“No,” is your most underused work in the English language. You don’t know how to stay away from reaching your limit. So you pile things on top of each other, always assuming that you can just handle anything and everything. You stretch yourself way too thin and then even after you’re breaking, still try to take on more.
4. You can relate to the idea of “compartmentalizing” your emotions.
No one would ever be able to say that you’re someone who wears their heart on their sleeve. In fact, you do pretty much the opposite. You’re so used to and trained to behave like everything’s “fine” even when that couldn’t be further from the truth, that you’re nearly impossible to read. You’ve told yourself so many times that you’re just being “dramatic” or that no one would understand that you’ve become a professional level faker of being fine. You rarely let how you’re actually feeling show, instead you just bottle it up and cover it up and hope that it goes away.
5. And because of this, you’ve been called “stoic” or “unemotional” even when that couldn’t be farther from reality.
You’ve likely gotten a reputation for being rational and logical to a fault, because you don’t let how you’re actually feeling show. Your compartmentalization is next level. Rather than feel your feelings and process them in real time, you put them on a metaphorical shelf in your mind in order to “deal with it later.” Problem is, later rarely comes. And then there are all of these anxieties and issues and feelings that pile up on top of each other and it becomes unbearable to manage.
6. You joke about having FOMO — but it’s much bigger than that.
It’s not so much an “I wish I was included” notion, it’s more a deep-seeded fear of missing out on an opportunity. It’s the fear of being a bad friend if you don’t go somewhere with someone. It’s the fear of not being enough if, for some reason, you’re not able to do everything.
7. You worry about opening up because you’ll be accused of “not getting it” because you seemingly live a normal day-to-day life.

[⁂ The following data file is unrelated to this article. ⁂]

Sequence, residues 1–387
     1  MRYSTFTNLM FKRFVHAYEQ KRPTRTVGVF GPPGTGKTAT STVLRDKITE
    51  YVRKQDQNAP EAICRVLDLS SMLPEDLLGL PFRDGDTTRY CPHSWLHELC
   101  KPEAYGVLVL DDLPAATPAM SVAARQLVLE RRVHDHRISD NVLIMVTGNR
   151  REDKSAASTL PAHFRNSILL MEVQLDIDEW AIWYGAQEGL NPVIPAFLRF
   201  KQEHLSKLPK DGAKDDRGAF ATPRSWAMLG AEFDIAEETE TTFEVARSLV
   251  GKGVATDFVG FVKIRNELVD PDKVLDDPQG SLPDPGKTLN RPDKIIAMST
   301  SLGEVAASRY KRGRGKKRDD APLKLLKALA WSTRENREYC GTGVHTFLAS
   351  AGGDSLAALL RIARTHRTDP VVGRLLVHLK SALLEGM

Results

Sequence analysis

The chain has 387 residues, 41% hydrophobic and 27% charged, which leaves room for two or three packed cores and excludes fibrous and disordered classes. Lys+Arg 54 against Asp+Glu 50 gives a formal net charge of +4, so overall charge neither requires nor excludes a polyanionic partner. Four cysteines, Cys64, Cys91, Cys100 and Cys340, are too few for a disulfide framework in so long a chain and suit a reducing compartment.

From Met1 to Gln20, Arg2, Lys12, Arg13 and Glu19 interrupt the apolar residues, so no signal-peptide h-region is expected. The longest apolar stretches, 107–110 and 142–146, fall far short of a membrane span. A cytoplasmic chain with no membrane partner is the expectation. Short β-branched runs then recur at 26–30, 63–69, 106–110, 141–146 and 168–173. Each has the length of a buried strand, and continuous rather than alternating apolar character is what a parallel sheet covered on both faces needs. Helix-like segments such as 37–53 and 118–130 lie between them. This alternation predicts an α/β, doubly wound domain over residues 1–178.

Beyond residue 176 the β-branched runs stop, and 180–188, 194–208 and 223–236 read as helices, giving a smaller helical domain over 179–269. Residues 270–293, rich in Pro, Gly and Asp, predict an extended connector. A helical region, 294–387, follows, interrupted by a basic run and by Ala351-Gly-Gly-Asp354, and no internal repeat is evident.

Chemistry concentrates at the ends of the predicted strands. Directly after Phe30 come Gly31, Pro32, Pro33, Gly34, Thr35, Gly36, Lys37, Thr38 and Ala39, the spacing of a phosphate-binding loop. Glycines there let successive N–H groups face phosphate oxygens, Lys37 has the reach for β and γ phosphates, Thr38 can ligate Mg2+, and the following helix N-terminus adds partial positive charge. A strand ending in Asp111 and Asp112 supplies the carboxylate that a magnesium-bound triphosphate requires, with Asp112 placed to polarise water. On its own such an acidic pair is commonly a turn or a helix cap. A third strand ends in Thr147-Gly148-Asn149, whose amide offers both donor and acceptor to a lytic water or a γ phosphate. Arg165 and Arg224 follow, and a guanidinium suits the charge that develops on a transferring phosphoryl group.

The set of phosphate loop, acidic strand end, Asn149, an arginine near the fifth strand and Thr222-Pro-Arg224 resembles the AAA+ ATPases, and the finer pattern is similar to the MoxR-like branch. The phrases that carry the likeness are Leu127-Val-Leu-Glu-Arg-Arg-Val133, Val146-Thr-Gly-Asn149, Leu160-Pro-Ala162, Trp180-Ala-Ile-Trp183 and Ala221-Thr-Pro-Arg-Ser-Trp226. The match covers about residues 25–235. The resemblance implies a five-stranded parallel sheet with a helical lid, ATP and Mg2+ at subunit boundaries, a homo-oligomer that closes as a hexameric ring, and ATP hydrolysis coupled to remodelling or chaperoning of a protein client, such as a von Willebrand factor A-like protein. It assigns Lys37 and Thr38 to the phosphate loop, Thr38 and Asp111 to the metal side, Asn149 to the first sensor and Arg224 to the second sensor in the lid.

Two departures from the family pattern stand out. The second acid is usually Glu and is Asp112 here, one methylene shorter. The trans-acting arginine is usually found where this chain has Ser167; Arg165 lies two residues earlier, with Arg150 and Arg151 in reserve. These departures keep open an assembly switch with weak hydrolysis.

There’s this idea in your head that because you’re still “functioning” your anxiety isn’t a problem, and won’t be perceived as one. Even if you don’t mean to, thinking this way plays into that “trauma olympics” mentality. It’s the idea that because you DON’T do something that’s associated with anxiety, or because your anxiety is different in any other way, you don’t “qualify.” So, rather than say, “This is what I’m struggling with,” and open up, you say nothing at all.
8. You lose a lot of sleep.
You keep yourself up at night often. Whether it’s because your mind is going 10,000 miles a minute or because you’re convinced you can just finish one more thing, you’re way too familiar with being exhausted. “I’ll sleep when I’m dead!” you probably laugh after another sleepless night. But reality? It weighs on you. Both physically, mentally, emotionally. It’s a problem.
9. Most people would just call you an “overachiever.”
Because when you look at someone who’s so good at compartmentalizing, repressing, deflecting, and who’s anxiety manifests in a way that makes them hyper-vigilant about very specific things (ie: work, staying occupied, cleaning, list making) it can be so, so easy to only see their successes. But what you don’t see, is the battle that it took to GET there. People only see the achievement part, not the stress, the anxiety, the sleeplessness, and the self-deprecation that it took to get there.
10. You joke about needing to be busy to be happy.
“I LOVE being busy.” “I’m happier with a full to-do list.” “Keeping busy keeps me out of trouble!”